On Monday, April 16, 2018, the Supreme Court heard oral argument in WesternGeco LLC, v. ION Geophysical Corporation, No. 16-1011, a case with broad implications for patent holders that sell products abroad. The case addresses whether lost profits accrued outside of the United States can be recovered for patent infringement occurring domestically. In the decision below, 791 F.3d 1340 (Fed. Cir. 2015), the Federal Circuit adopted a per se bar to recovery of such foreign damages, even when domestic patent infringement is established and proximately caused. Although WesternGeco involves infringement under 35 U.S.C.§ 271(f) – which prohibits the supply of components of a patented invention in the U.S. with the intent that they be combined abroad – in its argument in support of the petitioner, the Solicitor General framed the question more broadly as whether lost profits accrued outside of the United States can be recovered for any domestic act of patent infringement under § 271.[1] Four key takeaways from the oral argument are discussed below.

First, the Court seemed receptive to the Solicitor General’s argument that it made sense to address the broader question of whether foreign damages are recoverable under the patent damages provision, 35 U.S.C. § 284, for any category of patent infringement under § 271. For example, Justices Kagan and Gorsuch both seemed to suggest that adopting a single rule for all domestic acts of patent infringement would avoid potential incongruity between § 271(a) and § 271(f). And Justices Kennedy and Sotomayor both appeared to suggest that the recoverability of damages should not depend on the particular business model the defendant adopts.

Second, in response to a question by Justice Kennedy, counsel for the respondent conceded that lost profits could be awarded in a case where the infringer sells the product to customers abroad. This concession appears to give away that foreign damages are recoverable, since there is then no principled basis for categorically barring the recovery of foreign damages under some fact patterns but not others. ION argued for a bright-line rule prohibiting the recovery of foreign lost profits where there is some “intervening” use of the patented product abroad. But as the Solicitor General noted, “the right way to approach it is . . . not through this ham-handed rule that basically, as soon as you get across the international border, the causal chain is automatically severed, no matter what, no matter how clear the causal link is.”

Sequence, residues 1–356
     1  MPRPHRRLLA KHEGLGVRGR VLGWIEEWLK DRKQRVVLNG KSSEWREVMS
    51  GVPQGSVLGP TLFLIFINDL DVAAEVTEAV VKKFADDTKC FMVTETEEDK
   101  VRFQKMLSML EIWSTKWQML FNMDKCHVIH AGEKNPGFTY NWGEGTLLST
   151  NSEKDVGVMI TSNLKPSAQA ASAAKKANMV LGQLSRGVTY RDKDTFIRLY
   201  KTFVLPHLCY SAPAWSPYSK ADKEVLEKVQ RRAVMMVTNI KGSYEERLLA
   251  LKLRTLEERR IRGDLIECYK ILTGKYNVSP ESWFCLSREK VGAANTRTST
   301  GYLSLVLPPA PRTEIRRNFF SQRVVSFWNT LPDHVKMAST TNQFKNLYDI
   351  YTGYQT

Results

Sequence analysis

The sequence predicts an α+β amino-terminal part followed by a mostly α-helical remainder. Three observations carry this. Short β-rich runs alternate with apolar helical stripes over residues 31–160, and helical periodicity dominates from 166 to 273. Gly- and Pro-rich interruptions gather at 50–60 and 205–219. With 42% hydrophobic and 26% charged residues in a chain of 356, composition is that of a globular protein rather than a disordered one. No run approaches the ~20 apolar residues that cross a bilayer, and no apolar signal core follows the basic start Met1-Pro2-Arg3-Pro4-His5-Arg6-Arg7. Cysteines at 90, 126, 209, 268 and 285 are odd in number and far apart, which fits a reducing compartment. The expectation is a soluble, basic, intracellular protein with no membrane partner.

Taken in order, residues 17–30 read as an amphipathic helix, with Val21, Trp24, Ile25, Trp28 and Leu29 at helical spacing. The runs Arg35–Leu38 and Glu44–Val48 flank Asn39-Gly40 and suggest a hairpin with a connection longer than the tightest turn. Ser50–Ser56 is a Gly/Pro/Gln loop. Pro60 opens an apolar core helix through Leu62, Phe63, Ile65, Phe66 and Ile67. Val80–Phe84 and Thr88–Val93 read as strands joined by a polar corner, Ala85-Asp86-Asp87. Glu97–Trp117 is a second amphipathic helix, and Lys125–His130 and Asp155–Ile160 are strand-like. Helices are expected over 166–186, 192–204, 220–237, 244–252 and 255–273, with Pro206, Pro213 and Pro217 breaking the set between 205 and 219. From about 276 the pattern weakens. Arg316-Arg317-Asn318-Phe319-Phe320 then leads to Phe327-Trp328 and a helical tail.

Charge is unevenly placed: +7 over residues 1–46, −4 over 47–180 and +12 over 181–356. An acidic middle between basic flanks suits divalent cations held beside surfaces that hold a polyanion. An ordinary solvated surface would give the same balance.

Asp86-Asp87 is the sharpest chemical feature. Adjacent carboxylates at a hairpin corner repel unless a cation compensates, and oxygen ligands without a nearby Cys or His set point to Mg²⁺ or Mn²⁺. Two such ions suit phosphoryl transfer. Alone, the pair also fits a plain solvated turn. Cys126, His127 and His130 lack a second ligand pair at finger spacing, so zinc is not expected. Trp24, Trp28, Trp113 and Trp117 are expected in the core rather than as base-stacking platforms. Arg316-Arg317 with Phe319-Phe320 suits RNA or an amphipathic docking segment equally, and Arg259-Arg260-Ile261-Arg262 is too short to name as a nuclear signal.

Third, the respondent relied heavily on the Supreme Court’s decision in RJR Nabisco, Inc. v. European Community, 136 S. Ct. 2090 (2016), to suggest that the Court should apply the presumption against extraterritoriality to prohibit the recovery of damages for domestic patent infringement in cases where there is foreign use of the patented invention. But Justice Alito, who authored RJR Nabisco, said that there were “differences between this case and RJR Nabisco,” and asked ION to “forget about RJR Nabisco” and instead explain “what sense does it make” to apply the presumption against extraterritoriality to the remedial provision in the patent infringement context.

Fourth, the Court seemed receptive to WesternGeco’s and the United States’ arguments that proximate cause should supply the test to determine whether foreign damages are owed to the patentee in a given case. For instance, while Justice Breyer expressed concerns about potential comity issues that could arise with awarding foreign damages, he suggested that “tough proximate-cause law” could be a solution. Justice Ginsburg asked petitioner to confirm whether the patentee would have to establish proximate cause to collect foreign lost profits, and Justice Kagan noted that respondent’s hypothetical fact pattern involving the use of patented inventions on foreign ships raised a “classic law school proximate-cause hypo.”

The Supreme Court is expected to release its decision sometime before the end of June.